Blue Bottle Fly, Vol. 4, No. 4
Your Extension Experts
January 14, 2015
December 5, 2014
September 9, 2014
August 27, 2014
July 3, 2014
If you have ever had one of these big blow flies in the house (they are almost ½ inch long), you know how much of a nuisance they can be. Their loud buzzing flight is quite annoying, and they are pretty good at evading the fly swatter. They usually fly for some time before landing, and when they do land, it is often in some out of the way place where you can’t see them until they fly again. Because they are attracted to lights, they will follow you from room to room as you turn out the lights to go to bed. They won’t tuck you in, but they will hum to you as you try to read before turning out the bedside light.
Indoor infestations of blue bottle flies can occur simply because one followed someone though the door, but infestations can also result from flies that developed inside the house on some suitable breeding substrate. These are blow flies, which means they breed in feces or decaying meat, things like pet feces, mouse or rat carcasses, “lost” bowls of canned pet food, and similar items. This particular species can also be important in forensic entomology, but enough said about that.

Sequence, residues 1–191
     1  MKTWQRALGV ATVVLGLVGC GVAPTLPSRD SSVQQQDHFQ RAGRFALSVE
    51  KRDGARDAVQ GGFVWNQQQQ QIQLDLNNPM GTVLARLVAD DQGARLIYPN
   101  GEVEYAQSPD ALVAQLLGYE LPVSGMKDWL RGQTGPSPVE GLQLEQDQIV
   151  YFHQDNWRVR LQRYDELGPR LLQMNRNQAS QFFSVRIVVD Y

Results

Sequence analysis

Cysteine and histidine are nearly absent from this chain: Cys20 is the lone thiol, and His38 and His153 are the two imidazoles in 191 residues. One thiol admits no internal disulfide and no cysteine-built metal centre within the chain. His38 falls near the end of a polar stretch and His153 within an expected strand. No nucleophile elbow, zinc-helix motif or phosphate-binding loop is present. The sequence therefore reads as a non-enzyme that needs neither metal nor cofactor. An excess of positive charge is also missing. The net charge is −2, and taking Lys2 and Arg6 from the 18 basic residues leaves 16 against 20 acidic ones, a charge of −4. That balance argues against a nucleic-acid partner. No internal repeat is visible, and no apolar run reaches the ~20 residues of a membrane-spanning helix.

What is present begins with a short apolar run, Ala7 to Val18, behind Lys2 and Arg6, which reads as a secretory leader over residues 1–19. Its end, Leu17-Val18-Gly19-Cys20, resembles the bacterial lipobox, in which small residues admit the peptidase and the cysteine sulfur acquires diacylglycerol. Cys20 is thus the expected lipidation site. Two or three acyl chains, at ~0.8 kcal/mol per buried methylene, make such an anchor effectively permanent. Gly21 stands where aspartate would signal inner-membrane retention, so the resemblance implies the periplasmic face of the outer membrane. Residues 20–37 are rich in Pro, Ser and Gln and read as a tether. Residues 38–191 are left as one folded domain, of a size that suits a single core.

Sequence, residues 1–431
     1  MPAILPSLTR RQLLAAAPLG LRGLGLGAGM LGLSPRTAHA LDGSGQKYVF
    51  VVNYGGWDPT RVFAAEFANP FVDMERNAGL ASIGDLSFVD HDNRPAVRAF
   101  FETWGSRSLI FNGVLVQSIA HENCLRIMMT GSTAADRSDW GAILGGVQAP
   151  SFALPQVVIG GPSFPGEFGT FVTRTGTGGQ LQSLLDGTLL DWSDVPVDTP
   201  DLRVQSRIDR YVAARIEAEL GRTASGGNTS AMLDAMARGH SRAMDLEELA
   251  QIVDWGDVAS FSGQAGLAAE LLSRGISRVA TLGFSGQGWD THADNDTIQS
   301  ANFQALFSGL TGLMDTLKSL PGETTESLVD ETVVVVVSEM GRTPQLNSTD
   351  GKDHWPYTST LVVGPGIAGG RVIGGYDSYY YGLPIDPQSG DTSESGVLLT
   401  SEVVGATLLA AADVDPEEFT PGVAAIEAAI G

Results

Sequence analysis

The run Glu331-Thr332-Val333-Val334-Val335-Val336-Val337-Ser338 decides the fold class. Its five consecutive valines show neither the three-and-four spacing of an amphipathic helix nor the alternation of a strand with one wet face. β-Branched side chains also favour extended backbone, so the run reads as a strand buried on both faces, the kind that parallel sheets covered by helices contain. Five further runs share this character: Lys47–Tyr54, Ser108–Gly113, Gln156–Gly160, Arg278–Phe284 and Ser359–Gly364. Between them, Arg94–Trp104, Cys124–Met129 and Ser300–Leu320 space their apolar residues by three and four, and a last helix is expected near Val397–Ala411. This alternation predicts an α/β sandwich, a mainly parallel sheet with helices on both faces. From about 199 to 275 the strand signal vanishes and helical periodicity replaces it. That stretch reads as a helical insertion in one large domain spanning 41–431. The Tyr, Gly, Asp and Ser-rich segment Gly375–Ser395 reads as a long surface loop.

Control: Good insect exclusion is the best defense against these and other home-invading insects. Fly swatters are effective remedial control for small infestations. But any time you see blue bottle flies indoors, especially if there’s more than one, it’s a good idea to search for possible breeding sources. Often, by the time adult flies have emerged inside the house, the breeding source in which the maggots developed has already dried up to the point that it will not support another generation, but you will still want to find it and get rid of it if you can.
Blake Layton, Extension Entomology Specialist, Mississippi State University Extension Service.
The information given here is for educational purposes only. Always read and follow current label directions. Specific commercial products are mentioned as examples only and reference to specific products or trade names is made with the understanding that no discrimination is intended to other products that may also be suitable and appropriately labeled.